... years. He was certainly entitled to the freedom of the ocean, if intimate acquaintance with every fathom of its depth and breadth could establish a claim. It rather surprised me, afterwards, to see such science and experience yield so easily to the common weakness of seafaring humanity. Mr. Field told me that throughout the fearful weather to which the Niagara and Agamemnon were exposed, on their first attempt to lay down the cable, he never once felt a sensation of nausea; the body had not time to suffer ...
— Border and Bastille • George A. Lawrence

... their next point of attack would be New York. Most of his army was, therefore, sent there, and Webb's regiment among the rest. They were at first assigned to the Canada army, but because they had a good many seafaring men, were reserved for service near New York, where their "web-footed" character served them well more than once that summer. Hale marched with the regiment to New London, whence they all went by water to New ...
— Great Men and Famous Women. Vol. 6 of 8 • Various

... started to leave the bridge, but by old seafaring habit he cast a keen glance at the sky. He saw the bright string of code flags ...
— Where the Blue Begins • Christopher Morley

... had exhibited. We were quite sure that the barber's customer did not understand one-half the big words addressed to him, but they had the desired effect, and he waited patiently until his turn came to be shaved. He was a dark-complexioned seafaring man, and had evidently just returned from a long sea voyage, as the beard on his chin was more like the bristles on a blacking-brush, and the operation of removing them more like mowing than shaving. ...
— From John O'Groats to Land's End • Robert Naylor and John Naylor

... aspect, unless we create a merchant marine, where can we find the seafaring population necessary as a natural naval reserve and where could we find, in case of war, the transports and subsidiary vessels without which a naval fleet is arms without a body? For many reasons I cannot too strongly urge upon the Congress the passage of a measure ...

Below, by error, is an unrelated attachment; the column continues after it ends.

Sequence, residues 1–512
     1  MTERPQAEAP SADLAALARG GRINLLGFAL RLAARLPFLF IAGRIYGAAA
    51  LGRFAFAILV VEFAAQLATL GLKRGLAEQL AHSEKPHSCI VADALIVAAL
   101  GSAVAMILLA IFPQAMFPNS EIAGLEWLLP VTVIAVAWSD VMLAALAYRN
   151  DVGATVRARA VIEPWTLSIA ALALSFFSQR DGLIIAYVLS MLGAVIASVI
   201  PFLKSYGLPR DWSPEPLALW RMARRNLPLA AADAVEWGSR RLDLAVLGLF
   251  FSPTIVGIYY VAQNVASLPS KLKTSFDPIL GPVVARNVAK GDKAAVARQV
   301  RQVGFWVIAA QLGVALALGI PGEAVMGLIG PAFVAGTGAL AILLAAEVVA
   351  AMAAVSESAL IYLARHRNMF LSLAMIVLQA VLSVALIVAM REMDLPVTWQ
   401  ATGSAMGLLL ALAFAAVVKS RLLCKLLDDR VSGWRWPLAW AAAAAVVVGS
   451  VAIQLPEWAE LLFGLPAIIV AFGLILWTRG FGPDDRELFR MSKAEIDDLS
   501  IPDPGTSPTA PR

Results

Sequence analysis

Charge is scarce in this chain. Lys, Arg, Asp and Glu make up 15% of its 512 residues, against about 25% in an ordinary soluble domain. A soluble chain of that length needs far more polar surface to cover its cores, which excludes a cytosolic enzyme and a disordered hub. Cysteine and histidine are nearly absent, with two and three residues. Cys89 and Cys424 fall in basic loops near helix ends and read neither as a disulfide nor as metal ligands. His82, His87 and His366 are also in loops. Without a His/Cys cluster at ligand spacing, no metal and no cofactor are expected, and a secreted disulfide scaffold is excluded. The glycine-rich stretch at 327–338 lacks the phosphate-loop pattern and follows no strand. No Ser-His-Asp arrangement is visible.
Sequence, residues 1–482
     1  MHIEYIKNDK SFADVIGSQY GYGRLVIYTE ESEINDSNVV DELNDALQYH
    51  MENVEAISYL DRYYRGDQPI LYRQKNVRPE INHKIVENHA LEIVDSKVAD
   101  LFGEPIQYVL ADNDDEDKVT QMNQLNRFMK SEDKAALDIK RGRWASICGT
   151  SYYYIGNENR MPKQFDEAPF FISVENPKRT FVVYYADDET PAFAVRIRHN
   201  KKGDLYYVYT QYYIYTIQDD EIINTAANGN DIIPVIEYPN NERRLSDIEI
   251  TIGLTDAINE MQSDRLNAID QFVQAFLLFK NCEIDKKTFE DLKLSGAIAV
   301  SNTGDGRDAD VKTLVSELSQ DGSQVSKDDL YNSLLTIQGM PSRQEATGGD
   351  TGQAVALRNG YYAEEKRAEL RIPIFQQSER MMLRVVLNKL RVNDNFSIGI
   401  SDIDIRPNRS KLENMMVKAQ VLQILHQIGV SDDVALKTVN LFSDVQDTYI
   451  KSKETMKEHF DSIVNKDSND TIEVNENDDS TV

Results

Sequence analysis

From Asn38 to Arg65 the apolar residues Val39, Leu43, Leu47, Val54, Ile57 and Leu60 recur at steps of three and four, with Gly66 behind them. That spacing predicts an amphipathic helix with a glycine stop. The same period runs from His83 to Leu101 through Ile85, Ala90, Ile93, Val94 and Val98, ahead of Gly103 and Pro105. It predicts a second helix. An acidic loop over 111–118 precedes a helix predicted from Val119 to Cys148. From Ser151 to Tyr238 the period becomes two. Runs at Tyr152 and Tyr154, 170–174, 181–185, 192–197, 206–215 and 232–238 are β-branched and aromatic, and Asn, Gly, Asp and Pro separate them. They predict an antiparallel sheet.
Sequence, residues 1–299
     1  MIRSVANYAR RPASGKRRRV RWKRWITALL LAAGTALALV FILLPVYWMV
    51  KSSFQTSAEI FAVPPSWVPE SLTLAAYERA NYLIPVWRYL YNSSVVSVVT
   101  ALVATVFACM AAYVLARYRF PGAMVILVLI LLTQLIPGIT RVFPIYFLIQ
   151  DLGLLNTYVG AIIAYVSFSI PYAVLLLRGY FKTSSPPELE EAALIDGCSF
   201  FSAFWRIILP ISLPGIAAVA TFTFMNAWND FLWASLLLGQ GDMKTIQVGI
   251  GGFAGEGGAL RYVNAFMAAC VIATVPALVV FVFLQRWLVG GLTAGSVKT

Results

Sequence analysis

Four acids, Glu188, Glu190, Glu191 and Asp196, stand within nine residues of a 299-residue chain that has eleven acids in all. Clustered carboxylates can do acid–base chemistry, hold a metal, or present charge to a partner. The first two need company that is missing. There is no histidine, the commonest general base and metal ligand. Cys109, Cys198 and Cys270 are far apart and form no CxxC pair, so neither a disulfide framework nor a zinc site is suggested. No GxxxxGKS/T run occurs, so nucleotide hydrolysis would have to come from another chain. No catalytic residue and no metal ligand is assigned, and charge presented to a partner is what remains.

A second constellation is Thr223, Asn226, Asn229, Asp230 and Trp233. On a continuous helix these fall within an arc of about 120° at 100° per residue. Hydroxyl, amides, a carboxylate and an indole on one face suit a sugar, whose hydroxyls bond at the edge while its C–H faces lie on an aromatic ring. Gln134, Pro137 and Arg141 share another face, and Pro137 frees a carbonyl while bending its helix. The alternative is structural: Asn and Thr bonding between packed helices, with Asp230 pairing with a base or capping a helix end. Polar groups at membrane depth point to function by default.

— State of the Union Addresses of William H. Taft • William H. Taft

... their life hid in Nature, and their cries of rude praise going up continually to Nature's God? And yet the Highlands of Scotland have not hitherto produced one great rural poet, except Macpherson, who did belong to the peasantry. And so of the seafaring class; only, so far as we remember, have expressed, the one in verse, and the other in prose, the 'poetry' of their calling,—namely, Cooper and Falconer, both of whose descriptions of sea storms and scenery have been equalled, if not surpassed, however, by ...
— The Poetical Works of Beattie, Blair, and Falconer - With Lives, Critical Dissertations, and Explanatory Notes • Rev. George Gilfillan [Ed.]

... had passed away. The landlord had once been a seafaring man, and he was a bit superstitious. Still, he was not willing to acknowledge that Frank had beheld something supernatural. He would not deny its possibility, but repeated over and over his belief that ghosts always return to the place of the murder and to no other place, and that the repetition ...
— Frank Merriwell's Reward • Burt L. Standish

... Pavia. Columbus himself never referred to Pavia nor to any other school; nor was it likely that poor parents could afford to send the eldest of five children to spend a year at a far-off university. Certain it is that he never went there after his seafaring life began, for from then on his doings are quite clearly known; so we must admit that while he may have had some teaching in childhood, what little knowledge he possessed of geography and science were self-taught in later years. The belief in a sphere-world was already very ancient, ...
— Christopher Columbus • Mildred Stapley

... nymph, was afterwards changed into a fountain; and that to this day, in the far-off island of Ortygia, that fountain gushes from the rocks in an unfailing, crystal stream. But Orsilochus, the babe forgotten by his father, grew to manhood, and in course of time became the king of the seafaring people of Messene. ...
— Hero Tales • James Baldwin